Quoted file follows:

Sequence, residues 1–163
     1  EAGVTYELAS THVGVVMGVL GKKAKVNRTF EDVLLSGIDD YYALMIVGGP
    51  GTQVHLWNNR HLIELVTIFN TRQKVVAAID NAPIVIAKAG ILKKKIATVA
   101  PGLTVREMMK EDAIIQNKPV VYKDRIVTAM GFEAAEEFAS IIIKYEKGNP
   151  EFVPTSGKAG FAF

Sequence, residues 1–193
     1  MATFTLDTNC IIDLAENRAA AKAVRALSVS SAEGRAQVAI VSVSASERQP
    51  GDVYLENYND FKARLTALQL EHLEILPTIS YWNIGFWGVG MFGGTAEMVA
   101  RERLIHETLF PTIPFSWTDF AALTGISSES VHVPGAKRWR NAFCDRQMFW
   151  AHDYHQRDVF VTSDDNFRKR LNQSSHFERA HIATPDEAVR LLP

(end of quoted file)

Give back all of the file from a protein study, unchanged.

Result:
Sequence, residues 1–163
     1  EAGVTYELAS THVGVVMGVL GKKAKVNRTF EDVLLSGIDD YYALMIVGGP
    51  GTQVHLWNNR HLIELVTIFN TRQKVVAAID NAPIVIAKAG ILKKKIATVA
   101  PGLTVREMMK EDAIIQNKPV VYKDRIVTAM GFEAAEEFAS IIIKYEKGNP
   151  EFVPTSGKAG FAF

Sequence, residues 1–193
     1  MATFTLDTNC IIDLAENRAA AKAVRALSVS SAEGRAQVAI VSVSASERQP
    51  GDVYLENYND FKARLTALQL EHLEILPTIS YWNIGFWGVG MFGGTAEMVA
   101  RERLIHETLF PTIPFSWTDF AALTGISSES VHVPGAKRWR NAFCDRQMFW
   151  AHDYHQRDVF VTSDDNFRKR LNQSSHFERA HIATPDEAVR LLP